A mentor - your essential business guide


Self-employment can be pretty scary. Communication Coach Jon Torrens talks about the benefits of a great mentor for your business and your communication.

Jon writes:

As a self-employed/one-man army/freelance hero, I do everything for my business: marketing, accounts etc, as well as delivering my top-notch training and making sure it’s fresh and relevant. I believe that the reason I’ve managed to build my business into what it is – without losing my mind – is down to two things:

Having a mentor has also been incredibly helpful for me in terms of keeping on track; the way that my brain is wired means it doesn’t store information in a particularly useful way, and I easily get excited about cool, new ideas at the expense of remembering other, slightly more important things. Ann steers me back gently to the most productive path e.g. reminding me of the things I got excited about the last time we spoke and did precisely nothing about. “Oh yes, that” I admit, sheepishly. She points out the real priority and I’m back to it (work smart, not hard). Similarly, she’ll point out that the important client (who I’m worried about not hearing back from) doesn’t hold me at quite the same level of importance – and that’s fine. “Don’t worry, keep going.”

It’s occurred to me that Ann’s perspective on my business decisions is like someone guiding me from above as I navigate a hedge maze: she may not be able to see a definitive path (this metaphorical maze is too large to see as a whole), but she can easily see the immediate future at junctions, dead-ends around the corner, and dead-ends I’ve already encountered but forgotten. She saves me lost time and a lot of stress, which makes her a highly valuable ally. Having someone to reassure you and cheer you on is also vital: a timely “Don’t worry, keep going” helps maintain the momentum if I’m feeling demoralised, and a or “Great job, do it again” capitalises on the positivity when I’m feeling rather pleased with myself. And ultimately, her objective is for me to develop to the point that I don’t need her help any more, which is a good end goal.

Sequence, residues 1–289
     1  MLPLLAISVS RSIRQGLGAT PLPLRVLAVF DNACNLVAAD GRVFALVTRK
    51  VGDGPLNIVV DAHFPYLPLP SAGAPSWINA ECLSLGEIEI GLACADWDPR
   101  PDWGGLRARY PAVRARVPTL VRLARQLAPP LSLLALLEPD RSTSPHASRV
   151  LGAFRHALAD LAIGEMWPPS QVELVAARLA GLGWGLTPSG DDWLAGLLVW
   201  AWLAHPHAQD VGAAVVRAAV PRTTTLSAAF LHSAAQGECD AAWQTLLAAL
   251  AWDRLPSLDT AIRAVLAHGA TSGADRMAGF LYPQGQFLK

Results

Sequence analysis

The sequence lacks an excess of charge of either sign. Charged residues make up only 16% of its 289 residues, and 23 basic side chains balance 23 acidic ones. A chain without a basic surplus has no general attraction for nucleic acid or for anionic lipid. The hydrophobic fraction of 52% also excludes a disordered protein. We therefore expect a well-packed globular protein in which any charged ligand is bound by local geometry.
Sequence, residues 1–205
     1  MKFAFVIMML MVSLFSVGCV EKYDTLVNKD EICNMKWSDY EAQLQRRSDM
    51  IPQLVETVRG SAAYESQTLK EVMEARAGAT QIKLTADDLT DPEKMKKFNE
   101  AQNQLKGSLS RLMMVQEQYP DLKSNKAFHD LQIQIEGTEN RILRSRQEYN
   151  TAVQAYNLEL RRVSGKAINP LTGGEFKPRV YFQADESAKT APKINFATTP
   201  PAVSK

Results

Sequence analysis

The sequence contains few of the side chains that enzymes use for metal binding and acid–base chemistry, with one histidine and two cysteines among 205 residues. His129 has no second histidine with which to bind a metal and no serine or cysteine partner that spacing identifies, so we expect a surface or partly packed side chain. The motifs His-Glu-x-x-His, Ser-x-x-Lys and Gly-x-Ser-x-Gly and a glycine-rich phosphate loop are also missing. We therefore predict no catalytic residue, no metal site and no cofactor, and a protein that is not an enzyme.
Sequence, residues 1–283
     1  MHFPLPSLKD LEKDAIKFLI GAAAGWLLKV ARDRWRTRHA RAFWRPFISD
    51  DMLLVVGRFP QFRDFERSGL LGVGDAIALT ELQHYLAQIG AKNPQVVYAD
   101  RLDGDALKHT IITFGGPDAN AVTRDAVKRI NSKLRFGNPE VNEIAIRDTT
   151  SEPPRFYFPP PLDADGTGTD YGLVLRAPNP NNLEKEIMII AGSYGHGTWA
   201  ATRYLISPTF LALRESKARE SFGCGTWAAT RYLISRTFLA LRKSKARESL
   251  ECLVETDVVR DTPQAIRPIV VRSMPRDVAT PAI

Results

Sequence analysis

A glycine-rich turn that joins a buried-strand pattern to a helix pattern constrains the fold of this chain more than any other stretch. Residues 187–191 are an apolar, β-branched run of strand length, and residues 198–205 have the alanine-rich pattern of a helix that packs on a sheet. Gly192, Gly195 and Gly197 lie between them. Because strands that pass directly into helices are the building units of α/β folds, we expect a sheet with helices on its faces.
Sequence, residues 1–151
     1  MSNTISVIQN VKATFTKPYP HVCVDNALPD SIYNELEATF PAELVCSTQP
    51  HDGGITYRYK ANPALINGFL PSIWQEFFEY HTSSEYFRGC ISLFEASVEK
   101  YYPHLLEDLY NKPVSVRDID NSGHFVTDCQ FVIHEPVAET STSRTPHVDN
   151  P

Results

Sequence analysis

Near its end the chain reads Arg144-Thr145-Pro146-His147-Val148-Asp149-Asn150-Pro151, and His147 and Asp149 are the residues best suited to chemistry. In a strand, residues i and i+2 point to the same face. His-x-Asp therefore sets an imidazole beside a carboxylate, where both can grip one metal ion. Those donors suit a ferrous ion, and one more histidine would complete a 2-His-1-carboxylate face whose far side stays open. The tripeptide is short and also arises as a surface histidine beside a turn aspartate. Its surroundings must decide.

My mentor:

  • doesn’t claim to be infallible
  • is proud of the fact that she’s not for everyone (‘marmite’ rather than ‘vanilla’ – a very good way of putting it)
  • has a sense of humour
  • is brutally honest
  • has no egotism

This excellent combination makes an ideal guide through what can be a pretty terrifying challenge: being your own boss.

overwhelming fear of failure


This isn’t meant to be an advert for Ann (even if it’s become quite a good one), but for getting a consistent, alternative perspective on your work: your next presentation, a new project, or a new business idea. Having someone credible to confide in is incredibly useful for your communication in particular (get them to check over the email before you send it, to watch you deliver the presentation before the day itself, to comment on that business proposal). Their opinion – even if (or because) you completely disagree with it – is a vital perspective that can guide you through some very confusing and stressful situations.


Freelance Heroes is a remarkable national support network of self-employed/one-man army/freelance heroes, set up by Ed Goodman, another superb mentor.

HuffPost – The Value of Mentoring 

Seth Godin – Heroes and Mentors

To read more information, click here.

By reducing stress and fear, I make giving talks enjoyable.

Using my experience as an introvert, stand-up comic and video games designer, I deliver short, fun but effective training to create successful, confident speakers. I work with both companies and individuals.

All my training is currently online. I can use Microsoft Teams, Zoom, Google Hangouts or Skype.

Jon Torrens